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Less of the same? Continuity and change in the official epigraphy of the late empire

Lookup NU author(s): Dr Simon Corcoran


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This essay illustrates changes in official epigraphy in the later Roman empire, principally through the prism of the physical remains of public pronouncements, which remained prominent in the urban landscape until the epigraphic collapse of the seventh century. While the emperor and his officials appear more proactive, this does not entirely replace the impetus of petitioners, although the civic prominence of the Principate comes to be supplanted by ecclesiastical participation. Imperial titulature remains conservative for a long time, but there are subtle shifts from Constantine onwards, even if Christianization only becomes fully explicit in the sixth century. Finally, Greek comes to dominate, with only vestigial Latin.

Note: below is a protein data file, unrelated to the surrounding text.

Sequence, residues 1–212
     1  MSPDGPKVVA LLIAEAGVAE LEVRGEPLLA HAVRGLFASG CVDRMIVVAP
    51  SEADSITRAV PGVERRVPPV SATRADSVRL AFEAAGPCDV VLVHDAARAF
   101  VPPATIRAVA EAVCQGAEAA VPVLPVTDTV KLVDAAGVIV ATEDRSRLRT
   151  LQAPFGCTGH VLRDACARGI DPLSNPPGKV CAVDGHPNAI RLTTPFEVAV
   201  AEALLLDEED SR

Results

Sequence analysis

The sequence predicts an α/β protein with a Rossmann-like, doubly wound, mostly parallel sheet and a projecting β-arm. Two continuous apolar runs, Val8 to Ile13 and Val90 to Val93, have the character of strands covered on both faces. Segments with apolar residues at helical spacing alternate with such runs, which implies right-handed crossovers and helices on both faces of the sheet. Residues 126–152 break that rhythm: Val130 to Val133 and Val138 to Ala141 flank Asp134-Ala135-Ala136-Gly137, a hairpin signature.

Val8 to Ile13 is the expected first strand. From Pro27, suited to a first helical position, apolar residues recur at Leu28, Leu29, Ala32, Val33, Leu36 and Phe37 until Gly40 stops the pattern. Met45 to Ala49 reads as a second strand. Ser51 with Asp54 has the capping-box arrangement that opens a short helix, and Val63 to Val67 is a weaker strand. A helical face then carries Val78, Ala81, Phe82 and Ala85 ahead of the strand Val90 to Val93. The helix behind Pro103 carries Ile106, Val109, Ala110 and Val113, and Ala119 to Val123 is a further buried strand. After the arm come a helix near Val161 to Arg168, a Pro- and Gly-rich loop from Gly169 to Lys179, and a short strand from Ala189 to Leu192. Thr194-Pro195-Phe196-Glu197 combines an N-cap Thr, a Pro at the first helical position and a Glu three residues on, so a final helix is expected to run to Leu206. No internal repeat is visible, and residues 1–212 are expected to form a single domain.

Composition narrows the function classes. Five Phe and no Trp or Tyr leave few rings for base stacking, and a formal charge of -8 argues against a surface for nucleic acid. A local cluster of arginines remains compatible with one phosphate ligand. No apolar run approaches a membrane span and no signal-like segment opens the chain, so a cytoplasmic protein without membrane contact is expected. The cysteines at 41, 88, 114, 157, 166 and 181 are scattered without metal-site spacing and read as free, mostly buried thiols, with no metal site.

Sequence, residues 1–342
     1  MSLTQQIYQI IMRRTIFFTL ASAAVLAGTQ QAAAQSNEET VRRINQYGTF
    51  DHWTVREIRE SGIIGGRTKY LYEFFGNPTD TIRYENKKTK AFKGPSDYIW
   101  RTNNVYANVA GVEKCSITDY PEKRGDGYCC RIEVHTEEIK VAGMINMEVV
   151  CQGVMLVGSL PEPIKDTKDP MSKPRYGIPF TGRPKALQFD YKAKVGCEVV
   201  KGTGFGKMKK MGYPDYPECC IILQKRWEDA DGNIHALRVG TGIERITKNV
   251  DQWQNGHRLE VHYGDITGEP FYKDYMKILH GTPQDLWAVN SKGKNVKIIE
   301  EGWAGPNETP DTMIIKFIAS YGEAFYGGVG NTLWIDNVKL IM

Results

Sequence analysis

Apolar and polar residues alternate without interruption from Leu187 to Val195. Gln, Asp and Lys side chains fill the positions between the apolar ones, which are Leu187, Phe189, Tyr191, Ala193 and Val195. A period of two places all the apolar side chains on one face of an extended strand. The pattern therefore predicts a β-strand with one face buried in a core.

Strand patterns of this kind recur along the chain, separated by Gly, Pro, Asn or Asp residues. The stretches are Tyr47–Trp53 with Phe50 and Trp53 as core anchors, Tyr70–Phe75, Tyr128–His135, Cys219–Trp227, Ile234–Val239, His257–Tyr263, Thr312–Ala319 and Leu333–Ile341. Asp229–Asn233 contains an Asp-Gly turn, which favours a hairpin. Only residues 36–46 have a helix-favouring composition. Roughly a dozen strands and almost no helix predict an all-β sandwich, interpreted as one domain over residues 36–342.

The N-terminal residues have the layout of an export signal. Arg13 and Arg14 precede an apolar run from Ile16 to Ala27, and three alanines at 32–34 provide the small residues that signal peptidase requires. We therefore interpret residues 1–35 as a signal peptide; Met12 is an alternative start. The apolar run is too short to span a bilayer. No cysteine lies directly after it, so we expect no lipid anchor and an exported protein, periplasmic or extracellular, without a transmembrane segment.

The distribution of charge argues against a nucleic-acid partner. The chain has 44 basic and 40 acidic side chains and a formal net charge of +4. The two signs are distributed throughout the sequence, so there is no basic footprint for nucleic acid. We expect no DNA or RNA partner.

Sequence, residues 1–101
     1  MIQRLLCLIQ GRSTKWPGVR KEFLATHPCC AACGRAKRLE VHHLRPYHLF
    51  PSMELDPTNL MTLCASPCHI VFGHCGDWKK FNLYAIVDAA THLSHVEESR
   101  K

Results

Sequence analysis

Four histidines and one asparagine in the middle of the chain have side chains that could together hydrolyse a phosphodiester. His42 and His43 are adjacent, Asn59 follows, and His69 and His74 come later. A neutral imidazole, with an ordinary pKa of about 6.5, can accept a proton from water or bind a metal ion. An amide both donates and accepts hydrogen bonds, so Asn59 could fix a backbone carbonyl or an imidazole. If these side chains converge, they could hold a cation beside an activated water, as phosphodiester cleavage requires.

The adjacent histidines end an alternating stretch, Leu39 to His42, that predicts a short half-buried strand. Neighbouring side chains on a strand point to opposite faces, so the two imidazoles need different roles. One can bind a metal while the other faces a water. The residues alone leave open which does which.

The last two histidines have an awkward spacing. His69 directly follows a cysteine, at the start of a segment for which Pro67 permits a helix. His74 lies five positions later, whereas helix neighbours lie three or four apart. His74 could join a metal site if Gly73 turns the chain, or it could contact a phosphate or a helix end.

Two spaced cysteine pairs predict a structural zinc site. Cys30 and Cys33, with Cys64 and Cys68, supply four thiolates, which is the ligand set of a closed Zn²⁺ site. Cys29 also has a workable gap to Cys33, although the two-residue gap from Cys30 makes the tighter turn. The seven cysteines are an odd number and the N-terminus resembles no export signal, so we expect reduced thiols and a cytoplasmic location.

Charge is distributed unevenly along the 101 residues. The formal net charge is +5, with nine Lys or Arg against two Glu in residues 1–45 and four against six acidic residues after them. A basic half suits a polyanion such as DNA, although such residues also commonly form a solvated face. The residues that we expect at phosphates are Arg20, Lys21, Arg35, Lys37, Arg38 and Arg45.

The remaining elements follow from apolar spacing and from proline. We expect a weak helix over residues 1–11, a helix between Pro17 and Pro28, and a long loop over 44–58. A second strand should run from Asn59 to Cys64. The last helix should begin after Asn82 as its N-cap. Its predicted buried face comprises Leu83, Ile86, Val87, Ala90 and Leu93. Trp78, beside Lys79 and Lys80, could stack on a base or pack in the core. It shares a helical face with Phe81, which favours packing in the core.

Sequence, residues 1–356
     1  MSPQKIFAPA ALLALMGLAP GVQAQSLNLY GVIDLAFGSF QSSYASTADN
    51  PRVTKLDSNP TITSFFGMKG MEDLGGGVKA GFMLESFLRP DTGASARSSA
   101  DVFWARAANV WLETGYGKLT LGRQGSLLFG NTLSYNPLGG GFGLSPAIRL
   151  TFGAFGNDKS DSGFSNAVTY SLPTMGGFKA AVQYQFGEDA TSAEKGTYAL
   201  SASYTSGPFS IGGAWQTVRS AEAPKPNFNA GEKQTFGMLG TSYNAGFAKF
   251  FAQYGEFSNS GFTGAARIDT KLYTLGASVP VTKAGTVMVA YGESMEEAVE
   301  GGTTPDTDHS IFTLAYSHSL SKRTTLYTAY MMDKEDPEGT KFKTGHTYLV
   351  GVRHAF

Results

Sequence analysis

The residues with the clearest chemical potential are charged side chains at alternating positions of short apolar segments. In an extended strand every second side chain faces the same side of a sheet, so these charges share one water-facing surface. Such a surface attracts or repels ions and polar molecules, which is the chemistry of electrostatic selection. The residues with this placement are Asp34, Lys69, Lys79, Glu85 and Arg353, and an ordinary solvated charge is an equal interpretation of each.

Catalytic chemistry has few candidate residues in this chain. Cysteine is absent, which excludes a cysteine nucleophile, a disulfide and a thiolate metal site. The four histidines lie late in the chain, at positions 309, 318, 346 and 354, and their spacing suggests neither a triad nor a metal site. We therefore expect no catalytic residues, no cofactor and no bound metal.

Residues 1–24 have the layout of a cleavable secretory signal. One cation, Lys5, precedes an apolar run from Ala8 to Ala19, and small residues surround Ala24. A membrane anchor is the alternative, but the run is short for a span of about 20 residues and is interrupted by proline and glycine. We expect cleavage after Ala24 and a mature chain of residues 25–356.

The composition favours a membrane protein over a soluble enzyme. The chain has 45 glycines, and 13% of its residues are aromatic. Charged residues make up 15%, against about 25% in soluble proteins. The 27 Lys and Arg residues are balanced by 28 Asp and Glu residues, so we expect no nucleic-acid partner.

Publication metadata

Author(s): Corcoran S

Editor(s): Destephen,S; Dumézil,B; Ingelbert,H;

Publication type: Book Chapter

Publication status: Published

Book Title: Le Prince chrétien de Constantin aux royautés barbares (iv-viii siècle)

Year: 2018

Pages: 3-27

Print publication date: 31/12/2018

Acceptance date: 22/07/2018

Series Title: Travaux et mémoires 22/2

Publisher: Association des Amis du Centre d’Histoire et Civilisation de Byzance

Place Published: Paris, France


Library holdings: Search Newcastle University Library for this item

ISBN: 9782916716664